Millions intended to be spent on the health needs of Eastern Cape residents have gone missing from d.
Barney Pityana's continued stay at the helm of Unisa is like a jilted lover who forces himself on a girlfriend even after the love is gone.
This is Buti Manamela's analogous take on why the vice-chancellor of the distance learning university should "do the honourable thing and quit" his post.
The Young Communist League (YCL) he heads has long called for the resignation of Pityana, way before the erudite academic could align himself with the Congress of the People, says Manamela.
The university community no longer has confidence in the leadership of Pityana, whose resources they accuse him of using to do campaign work for the new political party. This is the generic gripe against Pityana, the chorus of which is amplified by Nehawu which, in the words of the university's principal, represents a negligible percentage of the campus community.
Manamela further argues that the university management is in a shambles, to which Pityana counters that "Unisa is one of the best-run universities not only in the country but in the world". Under his stewardship, the university has won awards to attest to this claim and is a model of good management to other institutions of higher learning, Pityana adds.
The Manamela-Pityana "brawl" was taken to SAfm in an interview with veteran host Tim Modise. To say the YCL leader did not come out of the interview smelling of roses would be putting it mildly.
We meet with him at midday at Sophiatown, a 1950s themed eatery in Newtown, and after the radio interview he prefers to sit, he says, anywhere as long as he can smoke.
He would dip into the Stuyvesant pack no less than three times during the course of the interview. As the younger man sits and talks, one can't help but think that Pityana is relatively lucky as the closest he's come to tasting the wrath of Manamela is virtually being accused of senility by the YCL leader.
Others, in the person of Willy Madisha and new kid on the block Anele Mda, have not been that fortunate - Manamela repeats that "they are baboons" but adds, as an after-thought, that "I will apologise to baboons for equating them to these two".
One of three children - two boys and a girl - who grew up in Modimolle knowing that every adult is a parent "and every young person a child", Manamela says he was raised to respect his elders. "But that has never meant I should be submissive," he says. "I can accord you the respect but do not make me fear you."
He takes his time, giving his interlocutor the satisfaction that whatever he says is the result of some cogitative process. "I still see myself as a child ."
But he hates ageism when "you use your age to try and impose your ideas on me", he says.
"My mother never taught me that, she taught me respect, all right. But she taught me too to pursue things, ask questions. This is how I grew up. With respect, there are people whose age has taught very little, on the one hand, while there are young people you can learn a thing or two from, on the other."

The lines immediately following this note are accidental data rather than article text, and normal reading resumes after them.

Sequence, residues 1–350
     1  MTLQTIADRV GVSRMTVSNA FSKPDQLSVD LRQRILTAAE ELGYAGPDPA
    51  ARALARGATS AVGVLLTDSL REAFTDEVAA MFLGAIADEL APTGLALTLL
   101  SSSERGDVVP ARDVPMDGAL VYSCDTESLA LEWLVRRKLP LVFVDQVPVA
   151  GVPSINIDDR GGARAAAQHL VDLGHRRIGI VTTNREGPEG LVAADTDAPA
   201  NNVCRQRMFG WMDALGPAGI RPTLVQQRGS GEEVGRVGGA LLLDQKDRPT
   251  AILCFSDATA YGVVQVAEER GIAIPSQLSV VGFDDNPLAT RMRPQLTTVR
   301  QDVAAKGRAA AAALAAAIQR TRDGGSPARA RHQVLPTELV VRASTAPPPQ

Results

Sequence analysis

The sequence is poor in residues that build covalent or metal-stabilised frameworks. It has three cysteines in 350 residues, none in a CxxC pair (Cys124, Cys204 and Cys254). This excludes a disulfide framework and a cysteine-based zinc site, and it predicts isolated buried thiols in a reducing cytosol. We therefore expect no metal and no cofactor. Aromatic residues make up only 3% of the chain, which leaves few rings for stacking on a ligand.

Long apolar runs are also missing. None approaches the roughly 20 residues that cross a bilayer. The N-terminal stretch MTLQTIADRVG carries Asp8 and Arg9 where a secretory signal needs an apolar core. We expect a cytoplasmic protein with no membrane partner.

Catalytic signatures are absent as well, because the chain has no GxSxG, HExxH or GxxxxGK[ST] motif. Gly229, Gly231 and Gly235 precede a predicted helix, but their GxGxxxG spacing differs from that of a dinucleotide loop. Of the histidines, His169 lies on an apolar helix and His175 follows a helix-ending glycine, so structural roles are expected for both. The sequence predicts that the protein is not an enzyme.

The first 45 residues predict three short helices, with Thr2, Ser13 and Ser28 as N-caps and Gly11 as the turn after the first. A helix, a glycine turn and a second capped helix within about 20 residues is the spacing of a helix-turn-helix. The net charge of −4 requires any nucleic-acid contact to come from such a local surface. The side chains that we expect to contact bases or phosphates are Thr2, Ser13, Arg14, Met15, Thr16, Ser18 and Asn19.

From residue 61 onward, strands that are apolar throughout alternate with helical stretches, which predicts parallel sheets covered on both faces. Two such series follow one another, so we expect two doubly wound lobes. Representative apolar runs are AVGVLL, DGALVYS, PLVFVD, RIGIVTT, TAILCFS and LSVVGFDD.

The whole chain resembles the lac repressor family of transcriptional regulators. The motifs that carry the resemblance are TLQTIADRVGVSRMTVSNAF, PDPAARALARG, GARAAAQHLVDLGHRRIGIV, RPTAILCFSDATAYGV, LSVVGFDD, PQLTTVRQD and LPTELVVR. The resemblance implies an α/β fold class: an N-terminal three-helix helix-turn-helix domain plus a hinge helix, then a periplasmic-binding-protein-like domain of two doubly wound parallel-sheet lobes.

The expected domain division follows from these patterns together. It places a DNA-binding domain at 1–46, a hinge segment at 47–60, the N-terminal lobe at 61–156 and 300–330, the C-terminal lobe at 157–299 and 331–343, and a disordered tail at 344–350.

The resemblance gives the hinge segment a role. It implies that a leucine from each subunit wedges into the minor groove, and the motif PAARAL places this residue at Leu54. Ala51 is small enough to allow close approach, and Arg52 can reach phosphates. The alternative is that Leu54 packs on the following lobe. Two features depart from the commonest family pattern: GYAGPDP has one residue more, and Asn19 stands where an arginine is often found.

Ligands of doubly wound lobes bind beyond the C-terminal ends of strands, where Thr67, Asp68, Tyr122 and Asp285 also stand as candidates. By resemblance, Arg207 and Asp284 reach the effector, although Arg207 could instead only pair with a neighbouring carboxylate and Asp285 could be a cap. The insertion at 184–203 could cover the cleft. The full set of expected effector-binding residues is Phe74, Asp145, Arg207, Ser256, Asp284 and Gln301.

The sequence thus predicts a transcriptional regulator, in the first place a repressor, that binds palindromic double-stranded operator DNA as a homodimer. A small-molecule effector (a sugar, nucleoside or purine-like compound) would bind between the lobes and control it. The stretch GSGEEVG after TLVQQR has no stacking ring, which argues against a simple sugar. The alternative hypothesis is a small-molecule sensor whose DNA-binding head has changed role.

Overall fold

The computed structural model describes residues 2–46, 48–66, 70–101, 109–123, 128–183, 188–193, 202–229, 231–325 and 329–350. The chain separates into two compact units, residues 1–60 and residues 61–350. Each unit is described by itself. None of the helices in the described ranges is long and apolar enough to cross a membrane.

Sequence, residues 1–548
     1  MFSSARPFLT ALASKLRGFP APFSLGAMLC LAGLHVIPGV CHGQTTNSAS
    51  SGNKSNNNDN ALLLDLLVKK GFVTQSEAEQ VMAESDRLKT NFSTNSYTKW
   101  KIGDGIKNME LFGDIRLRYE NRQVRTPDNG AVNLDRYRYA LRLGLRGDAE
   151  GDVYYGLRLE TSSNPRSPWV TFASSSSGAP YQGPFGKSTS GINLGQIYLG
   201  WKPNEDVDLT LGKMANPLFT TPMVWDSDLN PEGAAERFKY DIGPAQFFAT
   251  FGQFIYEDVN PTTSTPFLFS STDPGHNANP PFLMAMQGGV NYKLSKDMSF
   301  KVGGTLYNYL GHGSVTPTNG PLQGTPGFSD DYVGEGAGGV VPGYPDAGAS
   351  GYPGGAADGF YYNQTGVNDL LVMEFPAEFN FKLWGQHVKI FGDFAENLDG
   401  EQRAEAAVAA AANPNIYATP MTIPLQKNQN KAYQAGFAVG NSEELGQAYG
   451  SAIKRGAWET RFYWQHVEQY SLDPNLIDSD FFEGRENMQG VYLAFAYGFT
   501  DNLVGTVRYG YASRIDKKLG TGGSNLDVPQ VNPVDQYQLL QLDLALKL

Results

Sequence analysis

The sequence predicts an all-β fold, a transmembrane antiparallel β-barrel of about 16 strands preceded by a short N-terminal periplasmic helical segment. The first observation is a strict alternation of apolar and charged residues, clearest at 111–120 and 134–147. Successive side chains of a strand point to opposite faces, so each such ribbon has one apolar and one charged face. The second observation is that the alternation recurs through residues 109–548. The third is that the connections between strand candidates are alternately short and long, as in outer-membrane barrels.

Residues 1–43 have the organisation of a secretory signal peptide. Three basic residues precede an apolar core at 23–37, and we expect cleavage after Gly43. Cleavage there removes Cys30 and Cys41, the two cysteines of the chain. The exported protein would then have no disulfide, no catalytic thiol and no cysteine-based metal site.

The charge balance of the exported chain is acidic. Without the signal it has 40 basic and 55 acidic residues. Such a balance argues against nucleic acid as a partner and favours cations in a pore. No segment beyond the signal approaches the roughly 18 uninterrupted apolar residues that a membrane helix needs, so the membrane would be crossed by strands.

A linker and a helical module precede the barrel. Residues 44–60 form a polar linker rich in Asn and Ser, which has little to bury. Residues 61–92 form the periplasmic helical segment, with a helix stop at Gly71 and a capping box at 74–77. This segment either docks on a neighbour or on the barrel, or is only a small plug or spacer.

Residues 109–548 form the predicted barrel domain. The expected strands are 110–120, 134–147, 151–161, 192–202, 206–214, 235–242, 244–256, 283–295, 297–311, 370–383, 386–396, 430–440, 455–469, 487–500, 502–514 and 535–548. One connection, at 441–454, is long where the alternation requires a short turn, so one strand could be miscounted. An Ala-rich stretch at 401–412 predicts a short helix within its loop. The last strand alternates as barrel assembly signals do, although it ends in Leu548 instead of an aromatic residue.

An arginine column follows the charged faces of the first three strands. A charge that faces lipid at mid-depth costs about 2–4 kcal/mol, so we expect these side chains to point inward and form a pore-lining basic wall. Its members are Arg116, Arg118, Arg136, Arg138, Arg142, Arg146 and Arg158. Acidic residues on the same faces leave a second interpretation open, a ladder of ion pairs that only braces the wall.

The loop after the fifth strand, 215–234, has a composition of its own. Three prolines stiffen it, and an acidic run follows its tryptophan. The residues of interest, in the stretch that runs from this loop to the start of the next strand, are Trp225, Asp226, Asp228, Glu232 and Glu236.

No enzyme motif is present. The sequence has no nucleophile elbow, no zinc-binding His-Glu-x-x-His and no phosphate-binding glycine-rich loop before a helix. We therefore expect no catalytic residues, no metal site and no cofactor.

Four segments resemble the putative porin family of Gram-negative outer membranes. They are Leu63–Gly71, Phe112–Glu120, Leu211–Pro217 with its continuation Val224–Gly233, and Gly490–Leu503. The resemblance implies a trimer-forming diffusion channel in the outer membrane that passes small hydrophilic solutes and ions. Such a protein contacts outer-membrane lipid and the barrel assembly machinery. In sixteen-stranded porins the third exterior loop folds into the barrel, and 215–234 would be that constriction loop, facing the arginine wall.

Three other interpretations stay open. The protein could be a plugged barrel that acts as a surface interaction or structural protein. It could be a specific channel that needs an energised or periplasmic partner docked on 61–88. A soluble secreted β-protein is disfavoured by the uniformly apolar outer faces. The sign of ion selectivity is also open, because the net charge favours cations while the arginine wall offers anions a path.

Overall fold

He pauses to say to the waiter, still in the same upbeat tempo: "Give me water, tap water - clean; Jo'burg water."
He'd earlier ordered pap and wors and when it came, with pumpkin and a splodge of relish, disposed of it with impressive table manners, pausing now and then to dab at the corners of his mouth with a napkin.
With Mommy dearest having taught him well or, depending on which side of the fence you're standing, badly, it's hard to imagine Manamela doing anything to the contrary: "I will always be open to reason. But I will also question things."
The story of his life is, like that of good friend Julius Malema at the ANC Youth League, one of a near child soldier. He was already political at 12, going to rallies to mouth off the praise poetry of Mzwakhe Mbuli and particularly Ingoapele Madingoane's Africa My Beginning; Africa My End.
When he moved up to Johannesburg, he found expression in open-mic sessions of downtown Jozi. "I still write a line or two," he says of his poetry.
The word, spoken or written, is such a drug to him he was on his way to a writers' festival when he was briefly detained at Heathrow Airport sometime last year.
"I read a lot," says the young man who holds Njabulo Ndebele in high esteem and cannot wait for the poetry of Don Mattera to be put on DVD.
Out comes another cigarette.
He was introduced to political literature at an early age, he says, confessing to have read sizeable portions of the Bible as he helped distribute reading material of the Jehovah's Witness in his quest to understand religion, especially Christianity.
But unlike Malema, whose words Manamela says are twisted out of context by the media, he did pass his matric. He went as far as N5 at a technical college in Mamelodi, where he proudly says he founded a Sasco branch while Malema was active in the politics of Cosas.